For the past few weeks, Appalachian State’s Women’s Inclusive Theater Troupe has been rehearsing for their latest play.
Written, directed and performed by Appalachian State students, W.I.T.T. is set to open “Phyllis Kugler, Eat Your Heart Out” on Feb. 9-11.
The play is set in the 1950s and centers on six diverse female boxers. Student director and senior theater performance major TJ Lewis said these women are trying to score opportunities in the Manhattan area, but conflicting forces such as illegal immigration, prominent sexism and racism provide constant hoops for the women to jump through.
These women use boxing as a means of escaping the outside world and to overcome the forces telling them they are not good enough, Lewis said.
“It’s set in the 1950s, of course the play attacks segregation issues: [such as] gender, race,” senior theater performance major Kenny Petroski said. “It really talks about women; powerful women wanting to belong and people trying to hinder that. Those things still happen today.”
Petroski’s character, Frank, owns the boxing gym in which the women practice. Petroski said Frank sees himself as a guardian of sorts over these women.
“We’re similar, Frank and I, because we’re both nurturing, down-to-earth people who can also be hard asses,” Petroski said. “We’re different in our qualities of life. Frank can be naïve. He lives day to day. He’s a bit of a simpleton.”
Senior English major Leia Gearhart plays the Russian illegal immigrant in question, Nadezhda. She has been in W.I.T.T for only one semester, but has seen every performance they have put on.
Throughout the play, American immigration authorities are trying to track Nadezhda down and deport her. Sophomore English major Logan Frazier plays the antagonist, Raymond, who routinely checks in at Frank’s boxing gym to threaten and scare Nadezhda.
“Everybody hates Raymond,” Frazier said.
Sophomore social work major Koria Johnson plays self-proclaimed feisty boxer, Beverly, who is loyal to her friends and always stands up for what is right.
“This play definitely deals with physical and emotional girl power,” Johnson said. “Very feminist.”
Johnson’s character repeatedly comes close to trouble while standing up for her friends. Being black and a woman, Beverly is constantly on her toes.
“It’s always a bad time to be an immigrant [in America],” Johnson said as Beverly.
Virginia Riggsbee, a sophomore theatre major, has been a part of W.I.T.T for two years. Riggsbee describes her character, Melinda, as incredibly complex. She is the “typical girly girl,” enjoying makeup and jewelry but also displaying incredible strength and toughness.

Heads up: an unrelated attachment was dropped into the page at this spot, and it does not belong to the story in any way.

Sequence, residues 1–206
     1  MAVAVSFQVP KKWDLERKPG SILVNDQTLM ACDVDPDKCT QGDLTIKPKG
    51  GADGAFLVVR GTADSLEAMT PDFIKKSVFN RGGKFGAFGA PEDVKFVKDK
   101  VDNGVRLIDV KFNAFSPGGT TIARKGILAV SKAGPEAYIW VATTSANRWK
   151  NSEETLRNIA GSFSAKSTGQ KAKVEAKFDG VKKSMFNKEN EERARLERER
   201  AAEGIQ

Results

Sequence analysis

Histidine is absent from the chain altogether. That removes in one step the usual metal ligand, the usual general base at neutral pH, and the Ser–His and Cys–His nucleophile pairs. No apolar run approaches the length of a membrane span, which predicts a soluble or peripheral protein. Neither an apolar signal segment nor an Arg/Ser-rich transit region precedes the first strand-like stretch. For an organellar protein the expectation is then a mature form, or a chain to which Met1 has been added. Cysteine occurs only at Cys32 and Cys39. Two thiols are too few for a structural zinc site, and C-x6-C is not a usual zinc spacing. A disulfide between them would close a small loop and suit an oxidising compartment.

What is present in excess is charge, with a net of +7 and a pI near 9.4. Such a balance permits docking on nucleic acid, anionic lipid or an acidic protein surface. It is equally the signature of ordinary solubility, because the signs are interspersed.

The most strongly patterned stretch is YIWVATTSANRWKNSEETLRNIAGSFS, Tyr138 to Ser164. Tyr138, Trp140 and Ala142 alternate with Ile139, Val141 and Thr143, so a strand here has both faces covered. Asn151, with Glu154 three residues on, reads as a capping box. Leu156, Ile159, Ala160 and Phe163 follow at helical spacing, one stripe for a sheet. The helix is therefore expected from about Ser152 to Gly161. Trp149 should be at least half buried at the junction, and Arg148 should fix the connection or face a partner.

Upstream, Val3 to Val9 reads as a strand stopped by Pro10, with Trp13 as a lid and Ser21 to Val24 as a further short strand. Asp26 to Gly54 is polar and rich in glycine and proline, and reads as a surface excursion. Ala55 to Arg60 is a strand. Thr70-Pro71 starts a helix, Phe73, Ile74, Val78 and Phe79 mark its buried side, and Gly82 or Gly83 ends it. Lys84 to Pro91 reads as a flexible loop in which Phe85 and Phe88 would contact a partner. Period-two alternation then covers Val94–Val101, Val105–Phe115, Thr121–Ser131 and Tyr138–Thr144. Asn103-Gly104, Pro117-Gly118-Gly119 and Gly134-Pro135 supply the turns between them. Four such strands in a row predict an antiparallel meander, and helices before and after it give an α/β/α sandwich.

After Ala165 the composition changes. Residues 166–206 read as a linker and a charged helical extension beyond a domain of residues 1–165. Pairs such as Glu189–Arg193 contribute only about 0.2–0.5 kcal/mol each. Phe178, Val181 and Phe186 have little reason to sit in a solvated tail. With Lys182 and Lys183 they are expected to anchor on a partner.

“She is very passionate about makeup,” Riggsbee said. “She has a whole monologue about how great makeup is. We both love makeup, but she thinks appearances are the most important part about a person and I don’t. She does see the goo
d in people’s hearts, but she really cares about what’s outside.”
Her character’s complexity is part of what makes her character great, Riggsbee said.
Junior history education major Anna Allman plays a wheelchair-bound girl named Patsy. Allman has done theater since high school and though she is not studying it professionally, it is something she wants to stay close to.
“It’s something I get a lot of enjoyment and fulfillment out of,” Allman said. “I think it’s important to have a professional and recreational life.”
Junior theater major Breanne Hollis plays Joan Matthews, a loving and gutsy female boxer also training at Frank’s gym.
Hollis said while she admires her character, she and Joan are not similar at all.
“We’re incredibly different, down to absolutely everything,” Hollis said.
This being a story about female boxers, the fight scenes had to be precisely choreographed. Senior theater major Tyler Pope specializes in fight choreography and considers himself quite the “boxing dramaturge.”
Jaraad Samad, a senior creative writing major, is the assistant director for the play. He is in his second year with W.I.T.T. and although this is his first time assist directing, he said he would love to do it again.
The play includes people of different colors, nationalities and circumstances. Though the play is set in the 1950s, actors, writers and directors alike all agree it has a thoroughly modern, familiar feel to it.
“Phyllis Kugler, Eat Your Heart Out” was written by Appalachian State alumnus Bridget Mundy and runs Feb. 9-11. Doors open at 7 p.m. and curtain rises at 7:30 p.m. in the I.G. Greer studio theater. Admission is $5 for students and faculty and $6 for others.
Photos By: Rachael Graham, Staff Photographer